Rollors: Horseshoes Meets Bocce

The Rollors set. Photo Jonathan H. Liu

Spring is here, and if you live somewhere other than Portland you might be out enjoying the sunshine. (We had about a week of hot, sunny weather before the rain decided to return.) Well, here’s a backyard toy that’s something of a mix of horseshoes, bocce, and bowling: Rollors.

Rollors were invented by Matt Butler, an Air Force Major who came up with the idea while serving in Iraq and Afghanistan. GeekMom Patricia Vollmer interviewed Butler about the process of inventing and finding a manufacturer for the Rollors.

The Rollors set comes with six hefty wooden disks, two goals, and a measuring cord, all in a sturdy carrying case. There are three disks per color, and each one is labeled with two numbers between one and six on either side.

Taking aim Rollors
My daughter takes aim at the far goal. Photo: Jonathan H. Liu

Here’s the basic idea: you set up the two cone-shaped goals about 25 feet apart (or closer, if your kids need a little more practice). Everyone stands next to one goal and takes turns rolling the disks at the goal, sort of bowling style. Once all the disks have been rolled, you look to see which team is closest to the goal—and whether they’re within a five-foot radius. Then (like bocce) only that team scores, and only for those disks which are closer than any of the opposing team’s disks. The number showing on the disk indicates the score, but if the disk is standing on its edge, you get both scores. And if your disk ends up touching the goal, you get double points.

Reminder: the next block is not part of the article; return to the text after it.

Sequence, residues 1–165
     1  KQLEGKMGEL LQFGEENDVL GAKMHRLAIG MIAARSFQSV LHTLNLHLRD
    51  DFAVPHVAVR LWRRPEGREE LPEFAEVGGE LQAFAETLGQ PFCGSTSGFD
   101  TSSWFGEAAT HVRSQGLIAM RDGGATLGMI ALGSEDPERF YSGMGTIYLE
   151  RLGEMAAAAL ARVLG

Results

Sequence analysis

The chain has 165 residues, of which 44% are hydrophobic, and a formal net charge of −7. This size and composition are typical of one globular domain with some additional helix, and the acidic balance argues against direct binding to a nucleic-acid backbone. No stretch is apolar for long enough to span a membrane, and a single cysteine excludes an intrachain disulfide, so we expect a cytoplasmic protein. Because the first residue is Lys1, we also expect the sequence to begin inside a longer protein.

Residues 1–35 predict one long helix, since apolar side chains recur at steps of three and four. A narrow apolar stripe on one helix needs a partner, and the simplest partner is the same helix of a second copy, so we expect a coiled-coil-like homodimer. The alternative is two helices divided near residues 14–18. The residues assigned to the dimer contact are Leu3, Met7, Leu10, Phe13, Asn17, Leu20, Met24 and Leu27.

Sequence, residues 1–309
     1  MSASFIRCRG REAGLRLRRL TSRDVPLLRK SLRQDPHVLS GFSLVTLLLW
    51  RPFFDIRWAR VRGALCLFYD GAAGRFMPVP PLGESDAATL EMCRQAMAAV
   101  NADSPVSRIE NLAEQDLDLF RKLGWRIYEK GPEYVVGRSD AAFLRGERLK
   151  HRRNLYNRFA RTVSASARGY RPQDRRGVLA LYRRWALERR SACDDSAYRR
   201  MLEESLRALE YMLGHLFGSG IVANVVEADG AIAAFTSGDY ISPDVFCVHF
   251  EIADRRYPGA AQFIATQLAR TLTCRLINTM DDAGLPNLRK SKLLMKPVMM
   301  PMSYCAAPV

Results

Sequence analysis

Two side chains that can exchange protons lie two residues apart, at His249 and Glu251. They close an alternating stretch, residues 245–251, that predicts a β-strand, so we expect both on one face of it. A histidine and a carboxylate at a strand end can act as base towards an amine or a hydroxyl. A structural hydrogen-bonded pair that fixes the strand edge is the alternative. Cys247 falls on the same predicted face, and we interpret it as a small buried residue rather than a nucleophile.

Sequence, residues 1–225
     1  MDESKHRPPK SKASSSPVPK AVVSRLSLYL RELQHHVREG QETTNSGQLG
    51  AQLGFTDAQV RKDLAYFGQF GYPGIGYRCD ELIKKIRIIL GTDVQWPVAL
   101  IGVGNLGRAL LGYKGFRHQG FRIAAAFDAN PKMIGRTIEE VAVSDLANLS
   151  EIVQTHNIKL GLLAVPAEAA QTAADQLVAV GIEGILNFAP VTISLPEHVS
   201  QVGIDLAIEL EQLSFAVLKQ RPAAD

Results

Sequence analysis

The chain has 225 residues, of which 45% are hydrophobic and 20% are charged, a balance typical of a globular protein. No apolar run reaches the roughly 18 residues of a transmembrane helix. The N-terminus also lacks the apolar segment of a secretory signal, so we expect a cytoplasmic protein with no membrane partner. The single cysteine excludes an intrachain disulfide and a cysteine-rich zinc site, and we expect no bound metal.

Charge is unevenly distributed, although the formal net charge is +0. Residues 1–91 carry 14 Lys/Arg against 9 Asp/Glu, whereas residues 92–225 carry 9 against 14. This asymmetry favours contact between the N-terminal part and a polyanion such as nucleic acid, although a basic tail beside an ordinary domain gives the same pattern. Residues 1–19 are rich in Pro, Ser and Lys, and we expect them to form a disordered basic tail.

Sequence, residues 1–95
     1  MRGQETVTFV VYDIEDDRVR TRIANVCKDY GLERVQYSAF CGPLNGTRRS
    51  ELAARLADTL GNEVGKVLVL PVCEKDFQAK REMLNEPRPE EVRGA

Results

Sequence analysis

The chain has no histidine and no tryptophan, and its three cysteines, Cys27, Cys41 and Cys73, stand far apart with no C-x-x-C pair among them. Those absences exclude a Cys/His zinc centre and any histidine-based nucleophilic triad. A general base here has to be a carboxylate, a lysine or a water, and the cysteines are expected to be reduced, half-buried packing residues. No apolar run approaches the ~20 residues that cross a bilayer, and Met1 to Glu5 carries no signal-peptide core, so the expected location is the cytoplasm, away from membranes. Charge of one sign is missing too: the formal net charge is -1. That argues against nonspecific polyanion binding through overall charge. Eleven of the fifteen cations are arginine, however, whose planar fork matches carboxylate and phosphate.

Measuring to see if the disk is within five feet. Just barely! Photo: Jonathan H. Liu

Then you turn around and aim for the other goal, continuing until one team has hit 21 points. Of course, you can easily modify the rules a bit for younger kids or team play: for instance, the instructions recommend scoring all disks within five feet for kids.

We managed to get out and try the Rollors out a couple times while the ground was dry, but since then the field has been pretty muddy so we’ll have to wait a little longer to get another shot at them. They were pretty fun, though my kids had a bit of trouble figuring out exactly how to roll the disks. (They don’t bowl much, and one of them kept lofting the disk a bit too high.) For adults, though, it’s not too hard to get the hang of it, but that doesn’t mean you won’t overshoot the goal. The Rollors are recommended for lawns and dirt, but not asphalt or cement surfaces where the disks might continue rolling far past the goal.

If you like lawn games like horseshoes and bocce, Rollors are fun and a little bit different. The disks are nicely made, with rounded edges to make them comfortable to hold, and they’ve got a good weight to them. The measuring cord comes with a little peg that fits into the top of the goal, which makes it easy for you to check that five-foot radius for scoring. The one caveat is that because these are heavy disks, you need to make sure that nobody’s in the way before rolling them, and they’re not meant to be thrown—getting smacked by one, even if it’s rolling, could leave a bruise.

The set retails for $40 and is available from many retailers, both online and off; Amazon currently has them listed for about $28. For more info, visit the Rollors website.

Disclosure: GeekDad received a sample set for review.

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